Partly because of bad weather, but also partly because some major pepper growers have switched to high-priced cocoa, world production of pepper has been running well below worldwide sales for three years. Pepper is consequently in relatively short supply. The price of pepper has soared in response: it now equals that of cocoa.
Some observers have concluded that the rise in the price of pepper means that the switch by some growers from pepper to cocoa left those growers no better off than if none of them had switched; this conclusion, however, is unwarranted because it can be inferred to be likely that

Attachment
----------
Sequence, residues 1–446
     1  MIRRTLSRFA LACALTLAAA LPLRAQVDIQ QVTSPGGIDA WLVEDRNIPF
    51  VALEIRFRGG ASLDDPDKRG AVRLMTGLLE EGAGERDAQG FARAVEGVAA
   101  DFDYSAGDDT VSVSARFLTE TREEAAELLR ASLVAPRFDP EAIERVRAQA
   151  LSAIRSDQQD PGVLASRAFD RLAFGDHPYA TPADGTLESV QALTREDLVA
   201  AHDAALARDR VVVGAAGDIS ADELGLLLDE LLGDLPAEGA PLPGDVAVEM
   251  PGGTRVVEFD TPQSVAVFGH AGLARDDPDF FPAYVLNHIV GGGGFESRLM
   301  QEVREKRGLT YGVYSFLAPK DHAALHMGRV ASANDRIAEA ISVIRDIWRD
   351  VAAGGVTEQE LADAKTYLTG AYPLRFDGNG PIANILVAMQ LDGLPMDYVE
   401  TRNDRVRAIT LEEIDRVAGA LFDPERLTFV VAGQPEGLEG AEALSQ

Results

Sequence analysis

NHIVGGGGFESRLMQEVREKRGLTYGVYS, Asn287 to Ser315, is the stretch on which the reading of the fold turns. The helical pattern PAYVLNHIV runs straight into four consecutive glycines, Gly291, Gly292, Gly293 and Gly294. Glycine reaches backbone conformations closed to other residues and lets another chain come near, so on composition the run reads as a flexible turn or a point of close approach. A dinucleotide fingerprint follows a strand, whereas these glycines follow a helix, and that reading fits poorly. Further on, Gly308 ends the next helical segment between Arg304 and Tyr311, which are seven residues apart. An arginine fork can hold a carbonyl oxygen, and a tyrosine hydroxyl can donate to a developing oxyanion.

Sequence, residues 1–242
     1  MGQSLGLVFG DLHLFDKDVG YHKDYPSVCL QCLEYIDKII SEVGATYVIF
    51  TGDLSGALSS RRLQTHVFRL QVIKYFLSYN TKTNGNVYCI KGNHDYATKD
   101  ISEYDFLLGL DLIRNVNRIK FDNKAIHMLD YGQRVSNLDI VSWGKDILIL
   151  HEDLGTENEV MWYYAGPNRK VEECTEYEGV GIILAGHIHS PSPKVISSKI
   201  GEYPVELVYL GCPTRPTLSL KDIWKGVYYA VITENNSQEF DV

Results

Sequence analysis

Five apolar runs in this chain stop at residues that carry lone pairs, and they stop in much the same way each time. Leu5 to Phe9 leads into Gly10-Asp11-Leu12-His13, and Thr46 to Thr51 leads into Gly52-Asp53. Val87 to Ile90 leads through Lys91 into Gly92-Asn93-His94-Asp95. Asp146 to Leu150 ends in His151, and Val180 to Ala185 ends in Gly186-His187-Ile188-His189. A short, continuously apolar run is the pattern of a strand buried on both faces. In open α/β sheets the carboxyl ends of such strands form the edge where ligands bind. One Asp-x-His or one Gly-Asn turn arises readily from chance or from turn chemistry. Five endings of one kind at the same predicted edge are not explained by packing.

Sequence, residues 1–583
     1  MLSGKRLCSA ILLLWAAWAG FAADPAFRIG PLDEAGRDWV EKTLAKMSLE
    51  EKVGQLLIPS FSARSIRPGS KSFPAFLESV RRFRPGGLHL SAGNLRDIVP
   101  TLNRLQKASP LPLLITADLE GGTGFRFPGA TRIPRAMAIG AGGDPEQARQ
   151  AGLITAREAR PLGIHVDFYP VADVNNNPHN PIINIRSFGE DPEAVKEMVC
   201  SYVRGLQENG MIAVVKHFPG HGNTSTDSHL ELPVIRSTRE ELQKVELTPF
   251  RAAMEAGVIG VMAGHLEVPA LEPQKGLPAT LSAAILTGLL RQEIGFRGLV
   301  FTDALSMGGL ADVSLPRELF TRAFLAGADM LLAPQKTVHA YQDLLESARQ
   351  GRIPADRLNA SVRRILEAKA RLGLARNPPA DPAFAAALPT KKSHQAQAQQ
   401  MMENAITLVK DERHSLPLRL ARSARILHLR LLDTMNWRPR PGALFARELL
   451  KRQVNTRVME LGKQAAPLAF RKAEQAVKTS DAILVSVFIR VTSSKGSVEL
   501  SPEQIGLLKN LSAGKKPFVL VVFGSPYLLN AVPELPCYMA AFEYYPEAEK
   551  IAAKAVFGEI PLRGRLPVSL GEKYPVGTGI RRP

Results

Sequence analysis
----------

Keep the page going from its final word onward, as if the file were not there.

(A) those growers could not have foreseen how high the price of pepper would go
(B) the initial cost involved in switching from pepper to cocoa is substantial
(C) supplies of pepper would not be as low as they are if those growers had not switched crops
(D) cocoa crops are as susceptible to being reduced by bad weather as are pepper crops
(E) as more growers turn to growing cocoa, cocoa supplies will increase and the price of cocoa will fall precipitously